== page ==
Reply
 
Thread Tools Search this Thread
 
Old 28 September 2014, 09:55   #1
Member
 
Country: UK - England
Town: Southampton
Make: Honwave 3.8
Length: 3m +
Engine: 5
Join Date: Sep 2014
Posts: 20
kit for honwave 3.8

When I sell my bowrider ill be looking to complete the set up for my 3.8 airdeck and would like a little advice so I dont buy anything unnecessary.
The not yet run in Honda 5hp will be replaced with a Honda 20 (2nd hand) ill also want it to live on a galvanised trailor that will be used for launching. Is it ok to leave the engine on the boat and boat on the trailor all winter? Having said that the engine can come indoors to avoid having to winterise.

Should I get the seat that is missing and should I get the tiller extension so I can use myself as ballast, there will only ever be one or two of us out, and any pointers on a trailor and could one man push boat and trailor up and down a slipway?
__________________

__________________
warpa is offline   Reply With Quote
Old 28 September 2014, 10:15   #2
Member
 
paddlers's Avatar
 
Country: UK - England
Town: Sticks, N.Yorks
Boat name: Tamanco
Make: Honwave 3.5AE
Length: 3m +
Engine: Tohatsu Outboard
Join Date: May 2012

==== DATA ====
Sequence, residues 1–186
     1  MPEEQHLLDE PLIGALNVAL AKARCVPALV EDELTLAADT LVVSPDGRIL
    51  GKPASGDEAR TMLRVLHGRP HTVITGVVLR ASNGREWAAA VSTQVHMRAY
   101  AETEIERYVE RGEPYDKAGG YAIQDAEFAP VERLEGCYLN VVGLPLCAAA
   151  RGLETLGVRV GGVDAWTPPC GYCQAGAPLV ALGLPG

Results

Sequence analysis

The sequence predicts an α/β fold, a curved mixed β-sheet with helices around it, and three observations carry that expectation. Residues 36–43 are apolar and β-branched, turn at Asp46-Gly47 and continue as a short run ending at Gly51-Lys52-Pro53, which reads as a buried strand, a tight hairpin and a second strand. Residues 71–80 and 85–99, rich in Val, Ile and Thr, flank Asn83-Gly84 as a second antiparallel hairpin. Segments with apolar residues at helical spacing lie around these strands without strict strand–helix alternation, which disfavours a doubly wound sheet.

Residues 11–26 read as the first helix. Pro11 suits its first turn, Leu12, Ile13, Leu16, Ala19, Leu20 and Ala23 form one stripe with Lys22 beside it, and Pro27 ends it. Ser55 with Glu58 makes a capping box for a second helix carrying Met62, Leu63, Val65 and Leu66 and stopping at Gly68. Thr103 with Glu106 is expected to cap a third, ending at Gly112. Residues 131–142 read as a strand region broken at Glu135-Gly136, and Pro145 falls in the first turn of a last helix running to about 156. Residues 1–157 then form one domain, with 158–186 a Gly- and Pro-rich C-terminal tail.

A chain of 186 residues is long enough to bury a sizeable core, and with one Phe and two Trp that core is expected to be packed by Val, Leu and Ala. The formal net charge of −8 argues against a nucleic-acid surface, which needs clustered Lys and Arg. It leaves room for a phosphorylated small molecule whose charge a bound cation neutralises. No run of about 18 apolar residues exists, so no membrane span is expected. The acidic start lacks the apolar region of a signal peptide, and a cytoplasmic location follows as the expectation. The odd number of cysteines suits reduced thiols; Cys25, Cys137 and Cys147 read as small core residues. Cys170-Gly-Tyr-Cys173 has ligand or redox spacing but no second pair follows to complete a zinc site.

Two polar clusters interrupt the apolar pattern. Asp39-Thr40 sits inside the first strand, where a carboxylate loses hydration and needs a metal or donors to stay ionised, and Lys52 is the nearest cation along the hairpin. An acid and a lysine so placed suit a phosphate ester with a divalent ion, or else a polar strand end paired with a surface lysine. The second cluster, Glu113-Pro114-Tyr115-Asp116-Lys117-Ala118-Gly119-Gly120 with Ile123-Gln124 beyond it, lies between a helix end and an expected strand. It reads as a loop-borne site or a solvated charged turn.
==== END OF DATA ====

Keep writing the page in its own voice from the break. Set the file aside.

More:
Posts: 1,063
My 3.5 only came with one seat from new. Made another using the clips off eBay for about a tenner. I'd fancy some decent launch wheels for the versatility of beach launching rather than being tied to shoving the trailer up and down the slip/beach plus no issues about getting the bearings wet.
You'll still need to winterise your engine if you're not using it. Personally I'd stick it in the garage/shed. Tiller extensions are good for going flat out solo.
__________________

__________________
paddlers is offline   Reply With Quote
Old 28 September 2014, 15:11   #3
Member
 
Country: UK - England
Town: North Lincs
Boat name: na
Make: F-Rib 330/Excel 330
Length: 3m +
Engine: Parsun 15hp
Join Date: May 2014
Posts: 233
I had the 3.8 and as I recall, the manual states that the engine must not be left on the boat. Now I could be totally wrong here but I think it also states the boat should not have the engine on to tow with.
It did not make any difference to me as it all went in the car but perhaps someone has a Honda manual to hand just to check if I am going crazy.

Phil
__________________
philpot is offline   Reply With Quote
Old 28 September 2014, 15:46   #4
Member
 
Country: UK - England
Town: Southampton
Make: Honwave 3.8
Length: 3m +
Engine: 5
Join Date: Sep 2014
Posts: 20
Quote:
Originally Posted by philpot View Post